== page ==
The Mars Desert Research Station, located in the Utah desert near the town of Hanksville, is a simulated Mars habitat that serves as a testbed for field operations studies in preparation for future human missions to Mars.
Volunteer crews live at the station, testing habitat design features and technologies. From December 27 to January 2, six college students served as the MDRS crew, as participants in NASA’s Spaceward Bound program.
Spaceward Bound is an educational program whose goal is to train the next generation of space explorers by having students and teachers participate in the exploration of scientifically interesting but remote and extreme environments on Earth as analogs for human exploration of the Moon and Mars.
Laurie J. Schmidt visited the crew and got a taste of life inside the Hab:
see the photos!
The Mars Desert Research Station
The Mars Desert Research Station, located in the Utah desert near the town of Hanksville, is a simulated Mars habitat that serves as a testbed for field operations studies in preparation for future human missions to Mars. During each field season, which typically runs from December to April, volunteer crews spend one to two weeks at the station testing things like habitat design features, technologies, and crew selection protocols.
The desert region of southeast Utah is what is known in space exploration terms as a Mars “analog” — locations on Earth where environmental conditions and geologic features are thought to resemble those that may be encountered on Mars. In this image, the bentonite hills of the Morrison Formation display their colorful bands.
Each crew member has the “luxury” of having their own private sleeping area. If it looks claustrophobic — it is. But the first astronauts to Mars will need to live and work in very tight quarters. Each bunkroom includes a hard-surface sleeping area and a couple of shelves for personal belongings.
In the Hab
The habitat structure — or “Hab” — houses a lower level, which includes a work area and the air lock leading to the exit, and an upper level where crew members sleep, eat, socialize, and do computer-related tasks. Here, crew member Michael Borden, an optical sciences graduate student at the University of Arizona, ascends to level 2 from the ground floor.
The View Outside
Looking out the portal-style window on Level 2 of the Hab, it’s not hard to imagine that outside lies the desolate and lonely landscape and surface of the real Mars.
One of the crew’s daily activities is the EVA — Extravehicular Activity. Donning full spacesuits, several crew members venture outside the Hab to collect geologic samples, explore adjacent sites, or perform maintenance tasks on exterior equipment. In this image, crew member Heather Bradshaw, a mechanical engineering student at the University of Maryland, prepares and inspects the helmets in preparation for the day’s EVA outing.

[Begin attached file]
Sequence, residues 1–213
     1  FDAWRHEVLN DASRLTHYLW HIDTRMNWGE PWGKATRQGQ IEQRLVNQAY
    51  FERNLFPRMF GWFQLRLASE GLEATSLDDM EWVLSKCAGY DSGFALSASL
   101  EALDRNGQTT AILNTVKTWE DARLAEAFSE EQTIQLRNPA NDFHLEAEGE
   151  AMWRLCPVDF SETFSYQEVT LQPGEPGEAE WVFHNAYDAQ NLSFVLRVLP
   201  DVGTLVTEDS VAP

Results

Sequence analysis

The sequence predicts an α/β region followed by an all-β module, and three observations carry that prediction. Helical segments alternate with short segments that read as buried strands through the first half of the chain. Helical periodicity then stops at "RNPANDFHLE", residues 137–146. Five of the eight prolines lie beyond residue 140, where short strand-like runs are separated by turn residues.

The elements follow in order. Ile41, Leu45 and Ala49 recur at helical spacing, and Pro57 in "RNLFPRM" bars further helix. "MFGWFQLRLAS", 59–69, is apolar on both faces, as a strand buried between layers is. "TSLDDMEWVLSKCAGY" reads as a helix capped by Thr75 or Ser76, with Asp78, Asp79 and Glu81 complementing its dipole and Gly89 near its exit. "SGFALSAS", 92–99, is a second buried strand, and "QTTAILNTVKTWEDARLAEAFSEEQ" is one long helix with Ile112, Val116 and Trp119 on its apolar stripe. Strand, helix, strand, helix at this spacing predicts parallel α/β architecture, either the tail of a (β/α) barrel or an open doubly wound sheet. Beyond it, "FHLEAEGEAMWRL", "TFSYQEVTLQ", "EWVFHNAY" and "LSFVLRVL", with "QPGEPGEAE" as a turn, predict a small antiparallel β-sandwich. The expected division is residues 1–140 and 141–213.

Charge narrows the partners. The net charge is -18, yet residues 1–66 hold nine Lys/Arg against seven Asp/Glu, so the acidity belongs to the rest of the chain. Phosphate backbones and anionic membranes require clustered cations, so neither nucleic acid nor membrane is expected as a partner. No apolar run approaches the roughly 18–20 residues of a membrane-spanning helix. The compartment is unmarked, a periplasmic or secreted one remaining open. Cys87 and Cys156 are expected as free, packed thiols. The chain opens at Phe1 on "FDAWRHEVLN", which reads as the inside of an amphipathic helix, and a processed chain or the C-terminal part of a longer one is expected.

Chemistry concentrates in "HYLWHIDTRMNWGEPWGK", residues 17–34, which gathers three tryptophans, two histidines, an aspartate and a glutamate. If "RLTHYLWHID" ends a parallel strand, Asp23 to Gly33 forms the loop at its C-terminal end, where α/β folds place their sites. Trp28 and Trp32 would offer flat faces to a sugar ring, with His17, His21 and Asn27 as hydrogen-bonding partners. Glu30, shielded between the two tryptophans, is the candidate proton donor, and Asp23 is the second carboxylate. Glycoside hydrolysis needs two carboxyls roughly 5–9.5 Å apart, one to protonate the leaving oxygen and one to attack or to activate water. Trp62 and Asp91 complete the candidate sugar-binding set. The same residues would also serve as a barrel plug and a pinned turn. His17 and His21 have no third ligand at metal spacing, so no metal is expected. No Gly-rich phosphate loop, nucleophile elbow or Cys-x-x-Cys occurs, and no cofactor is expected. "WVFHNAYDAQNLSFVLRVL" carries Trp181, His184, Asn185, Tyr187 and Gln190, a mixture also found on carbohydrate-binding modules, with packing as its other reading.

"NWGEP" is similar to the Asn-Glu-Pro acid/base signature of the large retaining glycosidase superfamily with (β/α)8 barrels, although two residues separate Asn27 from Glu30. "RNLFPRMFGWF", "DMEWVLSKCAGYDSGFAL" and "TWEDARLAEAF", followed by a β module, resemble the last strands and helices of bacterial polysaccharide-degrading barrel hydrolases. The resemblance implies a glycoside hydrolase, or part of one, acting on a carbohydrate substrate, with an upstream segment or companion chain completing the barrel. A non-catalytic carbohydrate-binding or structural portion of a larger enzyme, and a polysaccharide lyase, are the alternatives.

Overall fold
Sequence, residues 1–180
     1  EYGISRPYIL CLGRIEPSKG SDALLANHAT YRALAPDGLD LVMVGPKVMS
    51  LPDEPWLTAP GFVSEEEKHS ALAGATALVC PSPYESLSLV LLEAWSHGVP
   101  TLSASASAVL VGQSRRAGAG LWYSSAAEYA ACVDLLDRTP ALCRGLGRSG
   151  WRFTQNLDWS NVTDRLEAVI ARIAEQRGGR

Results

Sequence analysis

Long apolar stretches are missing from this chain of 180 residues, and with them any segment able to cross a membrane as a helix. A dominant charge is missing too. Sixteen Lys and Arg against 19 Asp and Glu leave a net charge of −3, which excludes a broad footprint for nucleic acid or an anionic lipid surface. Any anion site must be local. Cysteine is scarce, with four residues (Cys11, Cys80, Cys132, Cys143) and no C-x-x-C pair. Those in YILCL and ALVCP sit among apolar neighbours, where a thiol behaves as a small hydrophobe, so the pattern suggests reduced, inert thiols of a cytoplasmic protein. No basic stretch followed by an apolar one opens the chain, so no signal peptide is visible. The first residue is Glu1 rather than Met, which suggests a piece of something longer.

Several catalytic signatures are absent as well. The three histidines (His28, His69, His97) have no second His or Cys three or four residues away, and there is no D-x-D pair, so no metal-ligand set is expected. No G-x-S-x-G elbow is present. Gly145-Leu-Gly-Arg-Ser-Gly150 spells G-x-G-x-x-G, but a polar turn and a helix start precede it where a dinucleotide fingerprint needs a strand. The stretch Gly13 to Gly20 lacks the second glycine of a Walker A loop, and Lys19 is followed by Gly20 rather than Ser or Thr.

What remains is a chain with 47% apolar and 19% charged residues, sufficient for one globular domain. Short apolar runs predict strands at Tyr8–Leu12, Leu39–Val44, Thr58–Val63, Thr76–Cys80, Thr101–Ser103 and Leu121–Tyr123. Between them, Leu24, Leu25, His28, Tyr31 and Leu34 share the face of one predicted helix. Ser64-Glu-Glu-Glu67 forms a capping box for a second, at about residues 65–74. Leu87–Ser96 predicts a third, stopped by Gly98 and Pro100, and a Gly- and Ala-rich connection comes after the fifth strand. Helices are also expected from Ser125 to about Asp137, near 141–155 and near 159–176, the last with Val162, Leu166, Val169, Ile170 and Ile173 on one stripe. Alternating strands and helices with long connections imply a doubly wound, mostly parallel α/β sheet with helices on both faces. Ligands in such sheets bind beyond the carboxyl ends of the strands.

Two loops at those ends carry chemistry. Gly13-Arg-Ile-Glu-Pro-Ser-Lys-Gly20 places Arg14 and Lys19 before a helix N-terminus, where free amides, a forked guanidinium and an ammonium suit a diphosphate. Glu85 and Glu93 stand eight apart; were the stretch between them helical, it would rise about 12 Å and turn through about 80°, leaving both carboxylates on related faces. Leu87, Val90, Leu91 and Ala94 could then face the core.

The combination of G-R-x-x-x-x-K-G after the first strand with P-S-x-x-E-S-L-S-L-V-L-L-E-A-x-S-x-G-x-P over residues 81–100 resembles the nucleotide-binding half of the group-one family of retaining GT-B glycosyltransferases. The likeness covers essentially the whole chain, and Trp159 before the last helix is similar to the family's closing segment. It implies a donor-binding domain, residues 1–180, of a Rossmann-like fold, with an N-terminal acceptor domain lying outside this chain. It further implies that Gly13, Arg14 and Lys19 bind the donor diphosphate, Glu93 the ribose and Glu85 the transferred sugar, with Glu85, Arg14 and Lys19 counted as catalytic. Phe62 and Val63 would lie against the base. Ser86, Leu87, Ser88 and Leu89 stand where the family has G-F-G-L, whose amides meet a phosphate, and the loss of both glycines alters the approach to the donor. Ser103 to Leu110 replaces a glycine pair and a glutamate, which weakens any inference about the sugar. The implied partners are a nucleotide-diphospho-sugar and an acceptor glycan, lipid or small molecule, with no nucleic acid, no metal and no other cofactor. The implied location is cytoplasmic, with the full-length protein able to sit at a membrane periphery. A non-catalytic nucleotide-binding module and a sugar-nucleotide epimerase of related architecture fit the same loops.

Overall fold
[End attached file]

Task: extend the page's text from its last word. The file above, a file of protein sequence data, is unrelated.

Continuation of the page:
Crew members get suited up for the day’s EVA outing. Front to back: Raechel Harnoto, California Polytechnic State University; Clara McCrossin, Shepherd University; and Mary Beth Wilhelm, Cornell University.
Collecting Martian Soil
Crew members Raechel Harnoto, Clara McCrossin, and Mary Beth Wilhelm set out on an EVA on December 29. The day’s assignment? To collect soil samples in several sites adjacent to the Hab. While out on EVAs, the crew members are in constant communication with “HabCom” — monitored by fellow crew members inside the Hab.
Crew members (left to right) Mary Beth Wilhelm, Clara McCrossin, and Raechel Harnoto check their GPS coordinates to be sure they’ve covered all the sites scheduled for geologic sample collection and radio to “HabCom” that they’re ready to return to Hab.
Crew member Josh Nelson, an aerospace engineering student at the University of Arizona, prepares a sterilized tray for a biology experiment inside the Hab.
On dinner duty, crew members Raechel Harnoto (left) and Clara McCrossin prepare a dinner of pasta and garlic bread for the other crew members. One of the finer amenities of Hab is its bread-making machine, which supplies the crew with homemade bread during their stay.
As daylight gives way to dusk in the Utah desert, the crew can look forward to some astronomy and star-gazing at Musk Observatory, seen here to the left of the main Hab structure.